In pre-Christian Ireland we find a common neolithic motif: the combination of the cross (signifying the four directions of the earth intersecting at the fifth point or centre) with the circle (signifying the movement of the heavenly bodies - sun, moon and stars - around the earth). The long passage graves in Newgrange and Knowth, built around 3200 BC, are essentially crosses within circles, while Dowth, from the same period, has an explicit carving of the cross-in-circle motif. And of course all three mounds have alignments to key intersections of the sun and earth: for Newgrange and Dowth at the winter solstice; and for Knowth during the spring and autumn equinoxes.
Chapter fourteen of the ICCA begins with St Patrick, whose deep feeling for the Irish and their culture makes it possible for him to find ways of communicating Christian revelation in terms they could understand. While it would be stretching things to say he himself drew on these neolithic symbols, it fits into St Patrick’s genius for what’s now called ‘inculturation’ that the Irish high crosses, unique in early Christianity, drew on this cross-in-circle motif to express an infinitely greater intersection of heaven and earth.
Instead of rejecting the symbols of pre-Christian culture, the monks at monasteries such as Monasterboice put Christ at the centre, at the intersection of heaven and earth. Their high crosses beautifully expanded and developed all the artistic resources of their pre-Christian Celtic heritage in order to reflect that the death and Resurrection of Christ was the fulfilment of all space and time and of all history.
Chapter fourteen introduces us to the celebration of Christ’s Paschal Mystery, which pours into our lives through the seven sacraments, especially through the Eucharist. Here’s one way we can connect the neolithic and the Christian experiences as perhaps those Irish monks did. Many people throughout history have expressed their dependence on the divine in a sacrificial act that signifies to their gods: ‘you are everything; we are nothing’. In Newgrange we can see that the moment of greatest darkness/nothingness, in which they focused on the longest night of the year, was their way of saying ‘we are nothing’. And that nothingness was offset by the divine ‘everything’ of the sun pouring in at dawn on the winter solstice.
But now, St Patrick’s followers place Christ at the centre point of this intersection. Why? Because as man, St Paul says Jesus ‘emptied himself’ (Phil 2, 7) and ‘for our sake he made him to be sin who knew no sin, so that in him we might become the righteousness of God.’ (2 Cor 5, 21). We can see this as his saying to his Father on our behalf: ‘You are everything, I am nothing.’ But, as second person of the Holy Trinity, as God, he’s also saying to us: ‘No, you are everything, I am nothing’, since the One who ‘empties himself’ is also God or as St Paul puts it, ‘the Son of God…loved me and gave himself for me.’ (Gal 2, 20)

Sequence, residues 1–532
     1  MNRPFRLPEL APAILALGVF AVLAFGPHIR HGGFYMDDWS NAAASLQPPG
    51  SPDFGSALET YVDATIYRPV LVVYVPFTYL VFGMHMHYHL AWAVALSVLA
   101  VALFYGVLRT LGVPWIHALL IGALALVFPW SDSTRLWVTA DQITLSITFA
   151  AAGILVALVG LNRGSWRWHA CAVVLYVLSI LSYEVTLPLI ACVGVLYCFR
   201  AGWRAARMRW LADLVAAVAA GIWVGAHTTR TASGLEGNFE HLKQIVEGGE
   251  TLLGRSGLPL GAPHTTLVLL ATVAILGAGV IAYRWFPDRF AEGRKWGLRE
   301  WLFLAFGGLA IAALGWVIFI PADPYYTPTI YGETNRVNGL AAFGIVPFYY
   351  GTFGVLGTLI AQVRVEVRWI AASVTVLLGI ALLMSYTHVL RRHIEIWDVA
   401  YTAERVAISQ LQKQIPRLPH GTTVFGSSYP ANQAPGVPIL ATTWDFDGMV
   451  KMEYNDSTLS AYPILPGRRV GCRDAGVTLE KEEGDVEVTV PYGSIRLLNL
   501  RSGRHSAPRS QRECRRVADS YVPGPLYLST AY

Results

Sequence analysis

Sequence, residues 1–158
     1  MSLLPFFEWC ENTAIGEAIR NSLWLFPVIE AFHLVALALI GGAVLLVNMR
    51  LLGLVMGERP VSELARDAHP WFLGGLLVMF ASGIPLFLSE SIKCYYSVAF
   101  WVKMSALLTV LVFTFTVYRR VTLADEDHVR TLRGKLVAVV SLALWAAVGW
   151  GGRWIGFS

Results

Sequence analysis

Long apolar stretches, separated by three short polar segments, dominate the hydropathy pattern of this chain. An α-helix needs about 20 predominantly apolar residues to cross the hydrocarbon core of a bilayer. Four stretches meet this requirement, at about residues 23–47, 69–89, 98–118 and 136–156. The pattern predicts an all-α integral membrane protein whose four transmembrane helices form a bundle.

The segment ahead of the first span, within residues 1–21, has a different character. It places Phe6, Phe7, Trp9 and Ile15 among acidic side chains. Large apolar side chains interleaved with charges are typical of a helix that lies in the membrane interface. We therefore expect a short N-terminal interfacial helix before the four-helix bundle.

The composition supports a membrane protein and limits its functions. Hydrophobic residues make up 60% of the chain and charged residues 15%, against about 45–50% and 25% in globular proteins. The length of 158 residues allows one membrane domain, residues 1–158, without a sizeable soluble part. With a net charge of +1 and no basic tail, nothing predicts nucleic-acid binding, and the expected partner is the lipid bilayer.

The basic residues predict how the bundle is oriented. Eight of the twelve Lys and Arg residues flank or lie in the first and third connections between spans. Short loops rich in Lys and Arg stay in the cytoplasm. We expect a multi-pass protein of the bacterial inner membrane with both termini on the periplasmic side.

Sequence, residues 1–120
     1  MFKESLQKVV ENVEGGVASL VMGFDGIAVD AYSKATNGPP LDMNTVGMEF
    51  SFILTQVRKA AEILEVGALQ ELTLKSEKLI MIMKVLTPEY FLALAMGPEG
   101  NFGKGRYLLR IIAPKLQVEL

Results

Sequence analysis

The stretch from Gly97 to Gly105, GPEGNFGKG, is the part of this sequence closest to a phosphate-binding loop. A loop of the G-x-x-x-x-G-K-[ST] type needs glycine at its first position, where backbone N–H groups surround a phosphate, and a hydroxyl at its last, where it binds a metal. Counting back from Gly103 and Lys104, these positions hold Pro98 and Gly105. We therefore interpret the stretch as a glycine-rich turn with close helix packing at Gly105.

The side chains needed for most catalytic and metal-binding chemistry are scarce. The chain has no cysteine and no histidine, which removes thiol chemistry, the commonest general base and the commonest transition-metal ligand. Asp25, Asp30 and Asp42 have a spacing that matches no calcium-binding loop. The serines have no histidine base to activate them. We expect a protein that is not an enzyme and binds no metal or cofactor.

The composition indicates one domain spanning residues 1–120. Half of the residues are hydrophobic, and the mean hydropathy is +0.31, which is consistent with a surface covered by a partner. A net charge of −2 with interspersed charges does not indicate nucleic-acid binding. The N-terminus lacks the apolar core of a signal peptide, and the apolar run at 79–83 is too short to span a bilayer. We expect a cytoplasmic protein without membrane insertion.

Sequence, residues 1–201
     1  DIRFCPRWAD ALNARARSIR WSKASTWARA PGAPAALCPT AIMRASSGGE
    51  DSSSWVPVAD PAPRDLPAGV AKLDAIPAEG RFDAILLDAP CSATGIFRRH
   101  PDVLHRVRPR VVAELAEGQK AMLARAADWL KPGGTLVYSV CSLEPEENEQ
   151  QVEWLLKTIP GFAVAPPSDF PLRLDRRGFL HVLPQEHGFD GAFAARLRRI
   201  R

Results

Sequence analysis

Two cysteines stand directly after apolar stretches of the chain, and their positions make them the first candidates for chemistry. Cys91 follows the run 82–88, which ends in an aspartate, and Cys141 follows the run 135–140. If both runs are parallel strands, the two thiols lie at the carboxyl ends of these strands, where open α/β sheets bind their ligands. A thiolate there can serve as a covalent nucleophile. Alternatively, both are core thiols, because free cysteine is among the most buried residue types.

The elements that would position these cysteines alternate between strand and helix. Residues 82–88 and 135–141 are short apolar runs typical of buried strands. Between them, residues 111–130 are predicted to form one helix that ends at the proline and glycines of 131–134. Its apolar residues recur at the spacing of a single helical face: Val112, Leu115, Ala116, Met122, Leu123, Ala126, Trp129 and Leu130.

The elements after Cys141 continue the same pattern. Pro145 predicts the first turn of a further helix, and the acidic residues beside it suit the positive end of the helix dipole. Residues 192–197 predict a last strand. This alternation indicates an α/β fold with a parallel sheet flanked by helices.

So at every Mass, in Christ we’re saying to the Father, ‘You are everything; I am nothing,’ and the Father, through his Son, is saying back to us, ‘you are everything, I am nothing’. In each Eucharist we receive the Son who on the cross became nothing for us, and under the form of a tiny host, he ‘disappears’ to vanishing point except to the eyes of loving faith. St Thomas Aquinas tells us that the primary effect, when we receive Jesus in the Eucharist, is to be turned into God (by participation).
Something similar happens in all the sacraments. Let’s take the sacrament of reconciliation. St. Nicholas of Fluë was a father of ten children who lived approximately eight hundred years ago in what is today Switzerland. When he was fifty, Nicholas, a famer, received a vision from God; with his wife Dorothy’s agreement, he withdrew to a corner of his farm to become a hermit, living a contemplative life for twenty years. Because of his deep unity with God, political leaders from Switzerland and elsewhere in Europe came to him for advice, and he is now regarded as the father of his country, Switzerland, saving it from civil war.
Once our Lord appeared and asked Nicholas to give him something. Nicholas didn’t know what he could give, until the Lord asked him: have you given everything? When he said yes, the Lord replied that there’s one thing he hadn’t given yet: his sins. Nicholas then went to confession. When I heard this story, I realised, for the first time, that when we go to confession, sharing our sins is one of the greatest acts of love we can make: we give to God the gift of our sins.
What is happening on my side during confession? When I tell my sins, it is, in the first place, an act of love on my part, as Jesus told Nicholas. With and in Jesus, I am saying to our Father: ‘you are everything; I am nothing’.
How does the Father answer when I confess my sins? Not only do we confess our sins in Jesus to the Father, but in Jesus, the Father - through the Spirit - forgives us. He acts through the priest’s absolution, when the priest says, ‘I absolve you from your sins in the name of the Father, the Son, and the Holy Spirit.’ It’s because Jesus is both God and man that he says to me, as he said to the Good Thief crucified alongside him: ‘No, you are everything; I am nothing.’
Because Jesus, as Son of God, made sin for us, bears away all our sins, and pours out on us, through his Sacred Heart, the love of his Father. So we can walk away tall, ready to begin a new life in his love. The ICCA quotes that great line from St Patrick, which the reception of these two sacraments will surely make us experience in the deepest way possible as we prepare for Easter: ‘I was like a stone in the mud and you lifted me up and put me on top of the wall.’